Sunday, May 8, 2011

This date, last year

Soon I will post a very cheerful synopsis of Mother's Day, 2011 ... but today my mind is lingering on Mother's Day, 2010.  These past few weeks have been full of difficult anniversaries ... I would wake up and think, "a year ago today is when it started," "a year ago today is when it happened."  A year ago today I posted the following note on facebook, titled, "Why I'm Celebrating Mothers Day."  I'm posting it again here because I do want to mark these anniversaries somehow; I want to remember where we were and think about where we are now.   This is posted with thanks to The Bean--you taught us so much in such a short time. 
I always knew (on some hypothetical level) that this day is difficult for a lot of people. I imagined what it would feel like for those missing moms who have died, for those missing children who have died, for those who are actively dealing with infertility, and those who can’t or choose not to have children (for a range of reasons, with a range of feelings about it.) This year I am one of “those.”
Sean and I lost our first pregnancy last week. We were still in the first trimester, but as cautious and aware as we were of the usual risks and statistics, we were already pretty attached to The Bean. I had this (hormone induced?) feeling that there was something good happening, there—that this was a very good Bean indeed. Even knowing that this kind of miscarriage usually means that there was something inherently wrong, something that would have kept the Bean from ever developing any further … even now I feel like there was something good, there. Something worth mourning and missing.
Our first positive pregnancy test was kind of funny. The line was faint enough that we couldn’t be absolutely sure it was really there. We used to make fun of those commercials for the expensive digital tests that say “1 in 4 women can misread a home pregnancy test.” And there we were, among the utterly confused 25%, buying one of those expensive digital tests. When that came back solidly positive, we scheduled a blood test. And then another, for comparison purposes. When all that came back positive, we still wondered and worried. I said to Sean, “Pregnancy is rough for people who want instant gratification.” He laughed and said that I should try to get used to it, because parenthood isn’t really an instant gratification thing, either.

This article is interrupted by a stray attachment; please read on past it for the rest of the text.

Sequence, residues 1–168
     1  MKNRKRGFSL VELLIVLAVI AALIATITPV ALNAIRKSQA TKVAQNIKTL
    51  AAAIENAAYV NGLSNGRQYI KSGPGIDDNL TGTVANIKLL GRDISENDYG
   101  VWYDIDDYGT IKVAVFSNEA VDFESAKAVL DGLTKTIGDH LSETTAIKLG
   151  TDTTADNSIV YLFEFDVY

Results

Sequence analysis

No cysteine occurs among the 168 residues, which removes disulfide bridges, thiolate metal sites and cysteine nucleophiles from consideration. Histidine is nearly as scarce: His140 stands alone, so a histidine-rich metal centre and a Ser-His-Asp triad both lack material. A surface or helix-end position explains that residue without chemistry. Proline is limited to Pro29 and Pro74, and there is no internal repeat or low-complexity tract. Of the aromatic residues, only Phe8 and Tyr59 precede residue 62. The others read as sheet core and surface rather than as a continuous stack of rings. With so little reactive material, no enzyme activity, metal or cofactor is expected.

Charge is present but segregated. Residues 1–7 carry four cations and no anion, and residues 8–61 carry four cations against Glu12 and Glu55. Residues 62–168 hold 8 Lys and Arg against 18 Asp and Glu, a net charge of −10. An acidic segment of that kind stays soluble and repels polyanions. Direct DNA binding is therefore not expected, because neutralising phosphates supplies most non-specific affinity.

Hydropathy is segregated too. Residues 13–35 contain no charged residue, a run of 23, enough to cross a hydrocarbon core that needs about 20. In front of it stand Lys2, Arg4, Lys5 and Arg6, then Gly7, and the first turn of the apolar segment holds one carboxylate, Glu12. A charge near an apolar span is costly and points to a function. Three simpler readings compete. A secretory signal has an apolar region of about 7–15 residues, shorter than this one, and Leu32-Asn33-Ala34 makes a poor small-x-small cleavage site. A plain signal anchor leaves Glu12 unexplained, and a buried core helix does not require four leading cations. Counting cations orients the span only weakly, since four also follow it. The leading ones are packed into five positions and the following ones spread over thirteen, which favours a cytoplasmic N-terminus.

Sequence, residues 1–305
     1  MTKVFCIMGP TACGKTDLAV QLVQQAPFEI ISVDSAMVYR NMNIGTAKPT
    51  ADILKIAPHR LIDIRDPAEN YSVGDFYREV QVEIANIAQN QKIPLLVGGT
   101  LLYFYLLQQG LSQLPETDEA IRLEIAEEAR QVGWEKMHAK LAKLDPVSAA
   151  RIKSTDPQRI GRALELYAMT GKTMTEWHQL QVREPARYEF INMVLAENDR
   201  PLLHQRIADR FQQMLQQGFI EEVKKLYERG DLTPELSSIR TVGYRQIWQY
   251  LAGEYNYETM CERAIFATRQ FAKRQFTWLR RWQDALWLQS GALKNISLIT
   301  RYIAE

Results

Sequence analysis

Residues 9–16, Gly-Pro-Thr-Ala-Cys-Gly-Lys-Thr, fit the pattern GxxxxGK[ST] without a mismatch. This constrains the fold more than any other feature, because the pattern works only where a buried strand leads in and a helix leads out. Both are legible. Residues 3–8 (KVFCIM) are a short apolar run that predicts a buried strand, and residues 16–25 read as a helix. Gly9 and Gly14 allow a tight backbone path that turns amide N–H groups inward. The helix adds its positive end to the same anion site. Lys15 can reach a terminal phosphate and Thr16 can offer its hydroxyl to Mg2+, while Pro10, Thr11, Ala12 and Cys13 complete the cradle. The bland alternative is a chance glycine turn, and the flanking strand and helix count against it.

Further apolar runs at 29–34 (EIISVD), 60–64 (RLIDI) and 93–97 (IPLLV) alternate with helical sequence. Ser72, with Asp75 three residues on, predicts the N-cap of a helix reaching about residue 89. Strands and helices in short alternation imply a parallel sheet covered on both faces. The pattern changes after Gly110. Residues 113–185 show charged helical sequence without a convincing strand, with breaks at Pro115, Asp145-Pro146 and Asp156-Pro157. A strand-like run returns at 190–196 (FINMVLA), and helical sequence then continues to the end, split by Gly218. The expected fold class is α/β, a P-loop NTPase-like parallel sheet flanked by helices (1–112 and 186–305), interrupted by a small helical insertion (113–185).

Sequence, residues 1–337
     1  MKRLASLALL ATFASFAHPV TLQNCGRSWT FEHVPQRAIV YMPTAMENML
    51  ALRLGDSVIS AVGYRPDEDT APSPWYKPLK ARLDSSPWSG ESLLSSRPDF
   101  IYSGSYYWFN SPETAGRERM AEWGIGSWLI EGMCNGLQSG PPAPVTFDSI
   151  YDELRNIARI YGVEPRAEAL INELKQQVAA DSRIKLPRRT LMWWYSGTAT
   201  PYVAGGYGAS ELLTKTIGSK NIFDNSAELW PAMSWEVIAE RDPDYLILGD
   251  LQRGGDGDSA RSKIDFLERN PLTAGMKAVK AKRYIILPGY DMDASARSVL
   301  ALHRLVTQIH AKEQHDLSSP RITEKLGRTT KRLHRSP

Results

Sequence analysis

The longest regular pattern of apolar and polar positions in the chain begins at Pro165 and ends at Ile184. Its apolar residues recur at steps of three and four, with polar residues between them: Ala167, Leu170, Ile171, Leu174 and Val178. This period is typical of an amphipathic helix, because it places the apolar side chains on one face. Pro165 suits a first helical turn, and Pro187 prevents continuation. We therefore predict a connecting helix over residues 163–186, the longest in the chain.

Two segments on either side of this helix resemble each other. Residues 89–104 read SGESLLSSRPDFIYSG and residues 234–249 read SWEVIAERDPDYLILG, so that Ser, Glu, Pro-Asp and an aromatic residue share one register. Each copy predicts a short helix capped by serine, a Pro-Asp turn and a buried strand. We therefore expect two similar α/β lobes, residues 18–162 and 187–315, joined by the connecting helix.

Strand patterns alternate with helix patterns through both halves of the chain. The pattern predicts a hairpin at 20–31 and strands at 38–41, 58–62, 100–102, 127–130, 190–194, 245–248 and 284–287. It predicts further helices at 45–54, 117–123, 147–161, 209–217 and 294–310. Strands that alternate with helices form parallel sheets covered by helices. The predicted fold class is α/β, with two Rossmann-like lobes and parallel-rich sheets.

I wanted to know everything I could about The Bean right away: I wanted to know if it was a girl or a boy, what we’d name it, if it was healthy, if it was going to make it through to the 12 week mark, when we planned to tell our friends and family. If the pregnancy had continued, there would have been even more questions without instant answers. Not really an instant gratification thing, parenthood. It’s a risk, a constant question with no instant answer.
Being open to that risk, those questions, that ambiguity and lack of instant answers—that’s pretty amazing. That’s worth celebrating. So this Mother’s Day, with new appreciation, I’m celebrating my mom. And because these holidays are totally arbitrary, I’m celebrating my dad, too. My parents dared to hope for a miracle when they were told their only child had less than 6 months to live. When I was cured they realized I was still just a big bundle of risk and unanswerable questions: as the crisis ended, the questions and the risk remained. And continue.
I’m celebrating my friends—parents or not—who take the risk to offer unconditional love and care, without any promise of instantly gratifying answers. I’m realizing that knowing people doesn’t mean I know their stories—miscarriage is common, but talking about it really isn’t. And so I’m also publicly celebrating the risk Sean and I took as we tried to add to our family, a risk we hope to take again someday. It is worth celebrating in the midst of our mourning and missing.
“You may fear that you could never survive another loss. But you are probably more resilient than you think. And you will probably gather up the courage to try again” Deborah Davis, "Empty Cradle, Broken Heart."

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